Unnecessary road signs to become a thing of the past

Posted: 04/01/2013

Patrick McLoughlin, the Transport Secretary has wrote to local authorities around the country asking them to remove any unnecessary, old, confusing and pointless signs from their roads. Now, over 9,000 road traffic signs have been removed in response to Mr McLoughlin’s letter across England and ministers have praised Somerset where 200 signs have been removed from a 12 mile stretch of road and in Hampshire where 1,000 ‘confusing and ugly’ signs have also been taken down.

In October 2011, ministers lifted the requirement for certain road signs and the government are now planning to give councils more discretion when it comes to where they place new signs following a review where the Department of Transport highlighted which councils are leading the way when it comes to the removal of unattractive road signs.

There have been 8,000 ‘red repeater’ signs along with 4,000 poles taken down in London which are designed to reinforce the rule for no stopping or loading for example, double red lines. The reason why these types of signs have been targeted is because researches suggests that motorists already know what the red route markings mean and that the extra signs are not necessary.

The removal of signs will also reduce costs, not only for the signs themselves but for the replacement of those signs, maintenance and energy costs for those that are fitted with lights. This means that the impact on the environment will be minimised, especially in rural settings and won’t blight the landscape.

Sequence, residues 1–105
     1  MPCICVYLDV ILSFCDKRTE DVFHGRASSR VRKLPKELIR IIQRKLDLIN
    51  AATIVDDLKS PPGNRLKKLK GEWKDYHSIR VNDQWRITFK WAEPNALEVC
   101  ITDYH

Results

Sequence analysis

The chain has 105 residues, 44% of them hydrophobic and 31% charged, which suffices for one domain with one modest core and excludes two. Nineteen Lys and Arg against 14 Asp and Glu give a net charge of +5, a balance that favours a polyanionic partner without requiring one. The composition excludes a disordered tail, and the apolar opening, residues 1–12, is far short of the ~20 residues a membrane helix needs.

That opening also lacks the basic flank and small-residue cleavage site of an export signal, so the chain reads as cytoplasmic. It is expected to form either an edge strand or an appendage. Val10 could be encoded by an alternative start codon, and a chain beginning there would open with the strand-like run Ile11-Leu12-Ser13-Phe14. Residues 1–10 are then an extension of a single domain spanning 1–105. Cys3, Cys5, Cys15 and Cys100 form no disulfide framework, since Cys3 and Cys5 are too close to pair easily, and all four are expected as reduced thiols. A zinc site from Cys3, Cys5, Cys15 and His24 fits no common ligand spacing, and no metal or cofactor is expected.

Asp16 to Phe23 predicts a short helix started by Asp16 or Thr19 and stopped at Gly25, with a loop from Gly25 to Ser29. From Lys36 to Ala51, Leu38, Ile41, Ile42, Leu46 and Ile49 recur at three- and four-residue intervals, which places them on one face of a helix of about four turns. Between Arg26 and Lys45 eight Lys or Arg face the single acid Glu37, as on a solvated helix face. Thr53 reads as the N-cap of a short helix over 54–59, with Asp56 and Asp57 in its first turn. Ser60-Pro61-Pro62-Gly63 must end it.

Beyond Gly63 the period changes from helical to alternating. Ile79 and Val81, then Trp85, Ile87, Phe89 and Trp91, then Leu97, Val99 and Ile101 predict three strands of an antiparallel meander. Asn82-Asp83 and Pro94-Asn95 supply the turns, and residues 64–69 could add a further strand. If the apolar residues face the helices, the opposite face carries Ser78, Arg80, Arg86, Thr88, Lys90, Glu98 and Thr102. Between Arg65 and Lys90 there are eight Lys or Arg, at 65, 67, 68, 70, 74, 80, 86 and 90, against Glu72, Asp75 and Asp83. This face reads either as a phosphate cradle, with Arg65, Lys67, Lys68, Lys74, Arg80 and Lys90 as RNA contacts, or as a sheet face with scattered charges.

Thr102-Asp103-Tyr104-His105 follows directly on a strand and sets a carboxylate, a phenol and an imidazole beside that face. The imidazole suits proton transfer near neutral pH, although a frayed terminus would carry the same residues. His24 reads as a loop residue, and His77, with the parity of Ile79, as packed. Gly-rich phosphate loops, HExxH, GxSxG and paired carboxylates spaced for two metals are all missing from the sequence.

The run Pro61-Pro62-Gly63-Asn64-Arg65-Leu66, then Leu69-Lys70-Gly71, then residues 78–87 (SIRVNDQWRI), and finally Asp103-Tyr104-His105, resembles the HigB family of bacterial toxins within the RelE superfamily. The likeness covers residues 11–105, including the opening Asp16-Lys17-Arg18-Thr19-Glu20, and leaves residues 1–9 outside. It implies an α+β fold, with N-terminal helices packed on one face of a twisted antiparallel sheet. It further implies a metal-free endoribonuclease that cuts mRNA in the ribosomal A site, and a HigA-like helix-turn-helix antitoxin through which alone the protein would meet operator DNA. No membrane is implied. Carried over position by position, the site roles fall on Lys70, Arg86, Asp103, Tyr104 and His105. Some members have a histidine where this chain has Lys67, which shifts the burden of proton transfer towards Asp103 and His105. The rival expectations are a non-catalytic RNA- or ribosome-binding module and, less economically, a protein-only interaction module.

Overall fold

You can view the Governments guidance leaflet to encourage the removal of road signs HERE.

From experience, some motorists ignore signs for example, the road that the Pali office is located on it a one way street and is clearly signposted with two one way street signs at one end of the road and two no entry signs at the opposite end of the road however, I see at least two or three motorists drive up the road in the wrong direction. Are motorists desensitised by the amount of signs there are on the roads?

I also didn’t realise that we have so many road signs until I was driving towards some road works and I had my Norwegian friend in the car with me who was visiting for the weekend and she couldn’t believe how many road signs there were here. Then when I visited Norway, I fully understood why she was so shocked, the roads were so, well, uncluttered by signs!

Do you think there are too many road traffic signs in your area? Have you noticed your council taking unnecessary signs down?

Amanda McGovern, Pali Ltd

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(0) Comments transport, government, councils, road signs

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